Our focus was urban youth and internationals living in Dar es Salaam. We didn’t have to worry about the broader issues of church governance, engaging with legal entities, endorsing and certifying ministers and ministries. We could be focused on only this one new thing we were attacking.
Spears push forward but have a hard time holding ground.
When not burdened with maintaining a system, even a healthy one, a spear can push forward and not worry too much about the larger picture. The flip side is that rapid gains can be rapidly lost if structures are not built.
Spears must be sharp.
We had strong opinions. I had strong opinions. I still do. But the nuance that comes with dealing with a bigger picture wasn’t my concern. We created a new culture because we started something new. Most leaders don’t work in the culture creation space. They work in the culture change or culture protection space. And a spear must actually have solutions, not just identify problems.
If you are a spear, be sharp. Be focused. Push forward. Don’t attack the old, engage the new.
If you are a shield, understand this.
Shields are broader
You may have the desire to innovate and challenge and change, but recognize the value in the broader scope of the work you do. Protection and coverage is not as celebrated. When was the last time we celebrated a denominational structure for building pathways for people to be trained in ministry? Shield Leaders are the mature women and men who know that the influence they have built up over years is now strategic leverage to accomplish change that they themselves can not and do not want to undertake.
Shields are heavier
The weight of leadership for those who cover others is heavy. You have to understand more, carry more, bear more. There is a burden to the privilege that comes with leadership. Your decisions, what you cover and what you expose has much larger repercussions.
Shields bear the brunt of most attacks
The weight of leadership is having a bigger picture that many times others don’t see and can’t see. I had several situations where I knew things that others didn’t know, and couldn’t know to maintain our integrity in dealing with conflict. Because of that broader knowledge, Shield leaves will have to make decisions that are unpopular. In one specific situation, I was criticized by people who used to be key leaders in our space. I had information they did not have access to and for the sake of integrity, I could not give them.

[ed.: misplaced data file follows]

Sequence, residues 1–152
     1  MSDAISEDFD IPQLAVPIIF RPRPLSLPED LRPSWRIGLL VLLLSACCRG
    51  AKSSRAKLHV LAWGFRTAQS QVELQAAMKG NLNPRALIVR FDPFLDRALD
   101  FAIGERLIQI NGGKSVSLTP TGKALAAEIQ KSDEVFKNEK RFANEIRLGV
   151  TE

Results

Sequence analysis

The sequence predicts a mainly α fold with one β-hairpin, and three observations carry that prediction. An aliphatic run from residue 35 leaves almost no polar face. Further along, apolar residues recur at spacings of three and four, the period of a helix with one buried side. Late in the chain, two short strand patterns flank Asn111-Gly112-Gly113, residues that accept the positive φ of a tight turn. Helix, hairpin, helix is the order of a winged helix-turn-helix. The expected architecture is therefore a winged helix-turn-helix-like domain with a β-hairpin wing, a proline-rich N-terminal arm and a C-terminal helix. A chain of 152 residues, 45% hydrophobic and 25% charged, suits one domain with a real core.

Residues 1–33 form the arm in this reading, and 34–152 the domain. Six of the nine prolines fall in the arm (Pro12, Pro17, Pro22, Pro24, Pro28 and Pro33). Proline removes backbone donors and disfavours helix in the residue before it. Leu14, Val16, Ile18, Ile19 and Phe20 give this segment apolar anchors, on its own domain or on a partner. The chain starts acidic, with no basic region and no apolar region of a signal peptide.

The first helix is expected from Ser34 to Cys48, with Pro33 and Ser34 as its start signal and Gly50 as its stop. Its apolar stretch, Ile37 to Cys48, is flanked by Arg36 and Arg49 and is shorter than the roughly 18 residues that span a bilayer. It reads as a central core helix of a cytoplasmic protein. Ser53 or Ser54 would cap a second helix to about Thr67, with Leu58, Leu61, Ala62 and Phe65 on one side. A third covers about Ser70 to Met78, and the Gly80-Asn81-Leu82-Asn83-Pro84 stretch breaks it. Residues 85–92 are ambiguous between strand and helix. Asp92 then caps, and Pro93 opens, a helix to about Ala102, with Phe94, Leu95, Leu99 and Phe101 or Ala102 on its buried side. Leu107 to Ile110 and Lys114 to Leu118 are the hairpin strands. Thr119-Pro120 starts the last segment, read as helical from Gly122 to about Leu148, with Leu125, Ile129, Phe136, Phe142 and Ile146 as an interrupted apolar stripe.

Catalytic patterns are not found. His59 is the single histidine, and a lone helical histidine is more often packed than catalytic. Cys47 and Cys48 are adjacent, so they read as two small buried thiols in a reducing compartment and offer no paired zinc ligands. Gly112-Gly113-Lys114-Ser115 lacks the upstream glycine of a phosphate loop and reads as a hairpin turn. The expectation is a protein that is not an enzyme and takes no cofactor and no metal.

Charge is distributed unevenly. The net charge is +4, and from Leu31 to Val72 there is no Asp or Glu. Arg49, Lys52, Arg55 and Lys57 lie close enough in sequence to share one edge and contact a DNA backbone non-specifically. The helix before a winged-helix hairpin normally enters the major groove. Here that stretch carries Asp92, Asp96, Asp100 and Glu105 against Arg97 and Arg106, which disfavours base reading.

Shields secure territory
Whether it’s a wall or a smaller shield, gains need to be shielded. Systems and processes and structures that seem onerous to the spear secure gains.
C M Ward, an old US radio preacher, was quoted as saying “We have too many singers who want to be preachers, and too many preachers who want to be singers.”
In leadership, we could say we have too many shields who want to be spears (and think they are) and too may spears who want to be shields.
Understand your role. If you are a spear, but under authority. Stay under cover. Understand the benefit of lazer focus and limited scope of responsibility.
If you are a shield, understand that the most painful blows you receive will often be from those you feel are friendlies. If you protect a spear, it will come at a cost. Be ok with being a Shield.
Thanks to the shield work of Magnus Mhiche, there is a dynamic church in Dar Es Salaam today, years after I turned over the leadership to others more capable than myself. The community is stronger and larger now than ever before.
If you resonate with this Shield and Spear Leadership metaphor, come back tomorrow for a follow up post. And let me know what you think in the comments.